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Ch06 - Organisation theory design and change gareth jones

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  • 1. Designing Organizational Structure: Specialization and Coordination
  • 2.
    • A functional structure is a design that groups people on the basis of their common skills, expertise, or resources they use
    • Functional structure is the bedrock of horizontal differentiation
    • An organization groups tasks into functions to increase the effectiveness with which it achieves its goals
  • 3.
    • Allows economies of scale within departments
    • Simplified mechanisms for control
    • Clear definition of responsibilities
    • Enables to accomplish functional goals
    • Opportunity for focused competencies
  • 4.
        • Slow response to environmental changes
        • May cause decisions to pile on top
        • Inability to manage diversity
        • Lack of coordination between functions
  • 5.
    • Functional structure is appropriate if the organization:
      • Limits itself to producing a small number of similar products
      • Produces those products in one or a few locations
      • Sells them to only one general type of client or customer
  • 6. GAUTAM BANERJEE - General Manager - Materials ASHOK KUMAR GUPTA - General Manager - Accounts & Planning R K AGRAWAL - General Manager – Manufacturing R S SUBRAMANIAM - General Manager – Technology, Strategy, Projects & Engineering JEHANGIR TANKARIWALA - General Manager - Human Resources SHRIDHAR PANSHIKAR - National Sales Manager PURNENDU ROY - Head of R&D P. GOVINDAN - Company Secretary & Head of Legal VALIVETI V PADMANABHAM - Corporate Manager - Information Systems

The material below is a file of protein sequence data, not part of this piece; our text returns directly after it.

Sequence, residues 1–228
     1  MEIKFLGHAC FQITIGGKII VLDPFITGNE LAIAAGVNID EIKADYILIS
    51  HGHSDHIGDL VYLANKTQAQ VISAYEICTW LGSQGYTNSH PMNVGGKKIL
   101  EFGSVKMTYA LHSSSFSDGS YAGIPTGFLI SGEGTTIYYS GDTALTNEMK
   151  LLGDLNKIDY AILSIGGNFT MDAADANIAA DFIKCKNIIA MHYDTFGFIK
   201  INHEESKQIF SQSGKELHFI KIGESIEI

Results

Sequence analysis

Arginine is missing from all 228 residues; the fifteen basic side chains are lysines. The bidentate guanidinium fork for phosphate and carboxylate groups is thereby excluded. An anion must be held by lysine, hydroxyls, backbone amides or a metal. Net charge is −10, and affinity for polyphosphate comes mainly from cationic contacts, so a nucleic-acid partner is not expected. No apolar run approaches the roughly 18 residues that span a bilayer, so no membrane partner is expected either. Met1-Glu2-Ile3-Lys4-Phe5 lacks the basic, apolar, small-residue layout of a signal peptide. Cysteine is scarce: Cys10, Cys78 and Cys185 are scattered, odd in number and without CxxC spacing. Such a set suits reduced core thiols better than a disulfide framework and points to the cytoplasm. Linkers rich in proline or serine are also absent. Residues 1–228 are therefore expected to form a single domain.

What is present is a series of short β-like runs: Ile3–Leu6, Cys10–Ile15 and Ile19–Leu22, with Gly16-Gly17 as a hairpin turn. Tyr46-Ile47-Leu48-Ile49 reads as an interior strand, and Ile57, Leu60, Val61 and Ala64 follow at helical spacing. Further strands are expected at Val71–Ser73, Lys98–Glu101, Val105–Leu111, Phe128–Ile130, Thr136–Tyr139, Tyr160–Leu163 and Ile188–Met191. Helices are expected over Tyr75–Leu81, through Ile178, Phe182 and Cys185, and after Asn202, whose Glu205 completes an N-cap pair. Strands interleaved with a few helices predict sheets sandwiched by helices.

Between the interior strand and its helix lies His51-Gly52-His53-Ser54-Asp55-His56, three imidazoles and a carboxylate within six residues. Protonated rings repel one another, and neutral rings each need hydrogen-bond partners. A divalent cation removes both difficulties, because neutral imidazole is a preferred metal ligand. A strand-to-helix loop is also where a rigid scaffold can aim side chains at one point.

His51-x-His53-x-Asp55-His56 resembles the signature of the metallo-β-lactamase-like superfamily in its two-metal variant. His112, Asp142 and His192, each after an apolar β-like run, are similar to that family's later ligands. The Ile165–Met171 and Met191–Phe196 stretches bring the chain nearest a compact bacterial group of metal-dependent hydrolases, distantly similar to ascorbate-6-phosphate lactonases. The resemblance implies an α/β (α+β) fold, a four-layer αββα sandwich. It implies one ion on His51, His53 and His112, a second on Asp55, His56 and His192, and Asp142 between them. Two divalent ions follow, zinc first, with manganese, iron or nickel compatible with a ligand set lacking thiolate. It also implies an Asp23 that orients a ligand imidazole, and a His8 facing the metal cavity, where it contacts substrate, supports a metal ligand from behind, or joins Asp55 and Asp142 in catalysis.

• 7.
    • Organizations most commonly adopt the divisional structure to solve control problems that arise with too many products, regions, or customers
    • The type of divisional structure depends on the problem to be solved
    • Divisional structure creates smaller, more manageable subunits and takes the form
        • Product structure
        • Geographic structure
        • Market structure
  • 8.
    • Ability to concentrate on specific businesses
    • Can respond to fast change in environment
    • Leads to client satisfaction as responsibility and contact points are clear